This has been fantastic. When I compose for more than one guitar a huge focus it to create a part which can be as simple as possible. Because, humans have limits… and if the parts is simpler the player however good has a chance of playing it with more expression, better tonal quality, better, well… better. I’d be excited to hear someone disagree, but its certainly what Ive found. So with the capo in hand I have the opportunity to keep things even simpler. I can have parts that span the guitar neck giving huge tonal variation but keep things simple which in my mind makes things… better!

watch Daniel Burne play all four parts to see what I mean…

give it a go.

hope you enjoyed reading my ramblings… I’m always keen to hear from anyone with all thoughts, feelings or ramblings.

cheers
C

New Guitar Revolution Project Goes Live

After Guitar Revolution’s original launch at The London Olympia in 2016, it went on to tour across the UK in 2017, it then inspired the 2018 commission Orchestral Evolution. Today its behind Chris’ latest commission this time working with the innovative capo company G7th Capo’s. 

Buxton fringe Festival Award Winner

The Chris Woods Groove Orchestra solo show won best instrumentalist at this years Buxton fringe Festival. The solo show will be continuing on tour throughout 2019 and into 2020. 

Dorset Guitar Workshops

On this page you can purchase tickets for upcoming workshops.
If you have any questions at all please email contact@chriswoodsgroove.co.uk

All workshops are run from 12 – 4 at Absolute Music in Bournemouth.

Tickets for ‘Fingerstyle Improvers’:

To buy tickets for this event please visit our events page: Fingerstyle Improvers tickets from Skiddle.

Tickets for ‘Music Theory for Guitarists’:

To buy tickets for this event please visit our events page: Music Theory For Guitarists tickets from Skiddle.

New Album Available Now

The debut ‘The Chris Woods Groove Orchestra’ album is now available to download and stream as well as for CD pre-order. Click the relevant word, to link up.
Spotify – Itunes  – Amazon – Physical CD

‘In Pareidolia’ Part 1 – Album art and what it’s about

In this short blog, Im going to explain a little about the album ahead of its release, give you a look at the artwork and an insight into the tracks…

This album, I guess like most albums, has been a long time coming. Over the past few years I’ve been playing, and I mean that in the most fun sense, with sound.I have been exploring the guitar in every way possible like always, and matching it with some unexpected instruments too.

The guitar has always been the focal point of course… and this album ‘In Pareidolia’ is not an exception. Each track has been an exploration of the guitar in a different way. Whilst you’ll hear a substantial helping of drums and double bass… the majority of what makes up this body of work is the humble guitar.

Sometimes twenty of them, sometimes an electric one, sometimes a really expensive one, sometimes a broken one from a charity shop…

On my journey of the past few years of sonic experimentation I have found myself in a world of tones, textures, shapes and edges… not a world of notes and numbers. Its not always a nice place, its sometimes uncomfortable, unnerving, its always emotional. Importantly the sounds and songs Ive been creating have not sat into a simple or explainable context. Whilst there is a story attached to many, the experience is abstract, personal to the listener. This is what I wanted to portray in an album; an impressive exploration of colour, tone, texture and emotion….but also something that each listener can find something new in – something that is a personal perspective for you.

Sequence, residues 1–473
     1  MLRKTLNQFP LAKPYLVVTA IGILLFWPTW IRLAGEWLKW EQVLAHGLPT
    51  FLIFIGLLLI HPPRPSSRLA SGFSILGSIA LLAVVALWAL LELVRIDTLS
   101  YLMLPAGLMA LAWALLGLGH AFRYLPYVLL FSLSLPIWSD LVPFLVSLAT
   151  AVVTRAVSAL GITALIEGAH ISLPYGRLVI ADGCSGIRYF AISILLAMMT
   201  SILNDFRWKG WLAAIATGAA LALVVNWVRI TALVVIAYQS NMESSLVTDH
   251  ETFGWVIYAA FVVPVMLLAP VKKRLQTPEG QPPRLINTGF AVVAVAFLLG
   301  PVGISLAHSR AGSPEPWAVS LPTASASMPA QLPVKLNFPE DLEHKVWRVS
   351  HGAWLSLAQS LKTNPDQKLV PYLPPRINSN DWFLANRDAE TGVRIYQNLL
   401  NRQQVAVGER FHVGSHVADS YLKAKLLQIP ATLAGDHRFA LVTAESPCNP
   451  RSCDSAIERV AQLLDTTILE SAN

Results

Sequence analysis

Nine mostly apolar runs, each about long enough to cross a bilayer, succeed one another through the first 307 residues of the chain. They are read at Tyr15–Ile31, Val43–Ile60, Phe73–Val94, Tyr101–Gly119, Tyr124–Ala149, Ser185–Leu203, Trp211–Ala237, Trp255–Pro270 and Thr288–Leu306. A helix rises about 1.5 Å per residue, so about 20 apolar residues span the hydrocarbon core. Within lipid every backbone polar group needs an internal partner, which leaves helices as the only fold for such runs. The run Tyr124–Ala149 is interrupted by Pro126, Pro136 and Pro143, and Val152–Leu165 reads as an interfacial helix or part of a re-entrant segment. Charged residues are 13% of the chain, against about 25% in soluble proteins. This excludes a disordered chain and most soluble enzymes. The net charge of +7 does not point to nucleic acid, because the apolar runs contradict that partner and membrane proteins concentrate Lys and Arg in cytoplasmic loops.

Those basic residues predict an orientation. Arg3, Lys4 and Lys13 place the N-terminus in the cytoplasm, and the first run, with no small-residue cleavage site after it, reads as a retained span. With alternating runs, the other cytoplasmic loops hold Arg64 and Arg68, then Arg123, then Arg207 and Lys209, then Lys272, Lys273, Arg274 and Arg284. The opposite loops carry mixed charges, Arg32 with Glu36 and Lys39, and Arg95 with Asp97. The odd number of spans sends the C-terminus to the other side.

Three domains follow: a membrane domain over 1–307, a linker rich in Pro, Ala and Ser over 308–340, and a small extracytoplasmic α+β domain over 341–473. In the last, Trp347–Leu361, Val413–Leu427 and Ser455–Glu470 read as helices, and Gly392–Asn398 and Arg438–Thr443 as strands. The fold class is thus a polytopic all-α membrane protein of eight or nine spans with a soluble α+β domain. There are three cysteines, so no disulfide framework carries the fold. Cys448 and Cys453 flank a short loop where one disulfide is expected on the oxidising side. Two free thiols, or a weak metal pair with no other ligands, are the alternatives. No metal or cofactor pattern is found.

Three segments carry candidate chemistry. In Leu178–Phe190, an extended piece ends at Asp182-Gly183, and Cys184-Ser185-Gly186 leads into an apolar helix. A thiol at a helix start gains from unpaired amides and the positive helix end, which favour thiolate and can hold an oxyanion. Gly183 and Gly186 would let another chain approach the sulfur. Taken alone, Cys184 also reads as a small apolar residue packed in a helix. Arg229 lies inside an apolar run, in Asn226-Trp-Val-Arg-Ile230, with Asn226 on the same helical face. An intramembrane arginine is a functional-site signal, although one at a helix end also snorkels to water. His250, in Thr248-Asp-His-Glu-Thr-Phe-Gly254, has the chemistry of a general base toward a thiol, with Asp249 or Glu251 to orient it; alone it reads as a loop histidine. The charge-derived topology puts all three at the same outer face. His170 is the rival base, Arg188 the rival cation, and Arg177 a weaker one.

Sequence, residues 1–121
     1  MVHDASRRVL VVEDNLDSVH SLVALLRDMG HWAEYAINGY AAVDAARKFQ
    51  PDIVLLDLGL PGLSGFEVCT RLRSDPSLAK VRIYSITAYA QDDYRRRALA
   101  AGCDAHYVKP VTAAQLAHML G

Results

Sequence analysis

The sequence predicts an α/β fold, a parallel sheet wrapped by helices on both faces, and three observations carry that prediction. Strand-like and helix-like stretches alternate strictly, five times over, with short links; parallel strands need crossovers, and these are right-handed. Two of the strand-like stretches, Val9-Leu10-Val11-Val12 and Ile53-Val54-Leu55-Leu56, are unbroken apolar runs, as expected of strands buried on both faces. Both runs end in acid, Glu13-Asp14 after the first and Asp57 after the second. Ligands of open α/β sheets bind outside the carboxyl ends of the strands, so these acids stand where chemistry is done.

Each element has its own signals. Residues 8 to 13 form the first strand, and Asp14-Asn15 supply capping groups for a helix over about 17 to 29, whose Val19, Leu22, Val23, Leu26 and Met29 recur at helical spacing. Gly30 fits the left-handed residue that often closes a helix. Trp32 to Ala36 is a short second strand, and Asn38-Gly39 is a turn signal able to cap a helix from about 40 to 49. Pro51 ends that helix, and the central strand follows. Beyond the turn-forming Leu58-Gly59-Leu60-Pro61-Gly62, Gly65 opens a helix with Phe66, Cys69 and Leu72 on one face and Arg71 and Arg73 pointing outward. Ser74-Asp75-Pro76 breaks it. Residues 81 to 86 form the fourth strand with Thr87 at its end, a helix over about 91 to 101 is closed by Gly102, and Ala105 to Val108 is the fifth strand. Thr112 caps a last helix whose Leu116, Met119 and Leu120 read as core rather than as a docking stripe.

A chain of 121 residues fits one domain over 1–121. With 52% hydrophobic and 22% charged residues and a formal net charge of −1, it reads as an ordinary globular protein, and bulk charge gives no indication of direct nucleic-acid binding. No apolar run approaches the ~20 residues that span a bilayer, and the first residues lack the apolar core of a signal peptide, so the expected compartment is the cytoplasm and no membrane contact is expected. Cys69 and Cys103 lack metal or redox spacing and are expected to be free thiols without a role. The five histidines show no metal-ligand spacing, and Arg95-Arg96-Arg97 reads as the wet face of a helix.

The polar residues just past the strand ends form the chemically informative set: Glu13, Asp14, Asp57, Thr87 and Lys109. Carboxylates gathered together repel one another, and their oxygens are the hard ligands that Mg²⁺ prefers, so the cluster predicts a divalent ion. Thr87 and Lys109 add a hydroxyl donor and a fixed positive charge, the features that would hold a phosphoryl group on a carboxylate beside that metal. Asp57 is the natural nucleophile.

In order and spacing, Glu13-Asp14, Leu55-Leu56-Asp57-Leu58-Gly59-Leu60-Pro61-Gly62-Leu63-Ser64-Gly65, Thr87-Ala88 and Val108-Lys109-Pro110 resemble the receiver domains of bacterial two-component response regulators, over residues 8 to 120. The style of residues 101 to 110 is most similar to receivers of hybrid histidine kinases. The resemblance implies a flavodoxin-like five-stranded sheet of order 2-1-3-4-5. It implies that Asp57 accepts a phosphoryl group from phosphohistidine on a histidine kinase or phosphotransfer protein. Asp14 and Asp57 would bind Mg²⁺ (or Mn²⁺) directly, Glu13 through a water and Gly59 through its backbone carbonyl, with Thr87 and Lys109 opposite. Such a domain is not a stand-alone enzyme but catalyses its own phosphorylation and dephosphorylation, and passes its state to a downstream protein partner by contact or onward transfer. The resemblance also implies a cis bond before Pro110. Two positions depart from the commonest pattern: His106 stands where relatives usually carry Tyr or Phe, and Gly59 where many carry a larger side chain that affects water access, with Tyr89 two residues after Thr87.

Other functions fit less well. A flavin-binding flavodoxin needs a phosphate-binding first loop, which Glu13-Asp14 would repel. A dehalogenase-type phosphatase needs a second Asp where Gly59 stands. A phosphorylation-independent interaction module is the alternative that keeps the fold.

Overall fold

It’s not fully released just yet but will be in a matter of days….

to hear about it first, join the mailing list…

Scroll down further to view the artwork, track listings and more…


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ARTWORK:

Carrying on with the theme of things being about an original experience, from YOUR perspective, I wanted to try my hand at creating original artwork for each CD… crazy I know. In reality I will be releasing about 10 to 20 hand made CD’s. Whilst the main image below will be for the main CD.

I’ll get more stuck into how this is done later, but for now… here’s a couple of the images that came out and will be appearing on the digital release.

TRACK LISTINGS:

1: Rhythm Museum. (MUSIC FOR GUITAR ORCHESTRA)
Those of you who have caught a recent show would have heard this one. Its a piece for a guitar orchestra, with treated guitars (aka paper between the strings). The concept is a rhythmic and cultural museum coming to life at night.

2:Mirror and Wish. (MUSIC FOR ELECTRIC GUITAR AND DRUM KIT)
This blends a classical guitar technique with some seriously odd, yet subtle, electric sounds, strange time signatures and drumming from my friend Matt Pittori. The idea was to create something orchestral sounding with just the two instruments.

3: The Hunted (MUSIC FOR GUITAR ORCHESTRA)
Mainly nylon strung guitar here… but a mix of steel strung too. In my head this track built up out of images of some intensely edgy nature. Who knows what you’ll see…maybe puppies and chocolate.

4:Banneret (For Mum) (MUSIC FOR GUITAR AND DOUBLE BASS)
No prizes for what this one is about. I wrote it originaly for solo guitar and then begun to develop a double bass part later. It is is of course written for my mum. Its emotive and strong. Bass frequency friend Ben Taylor on Double bass on the recording.

5:Ukulele Septet (MUSIC FOR 7 UKULELES AND DRUM KIT)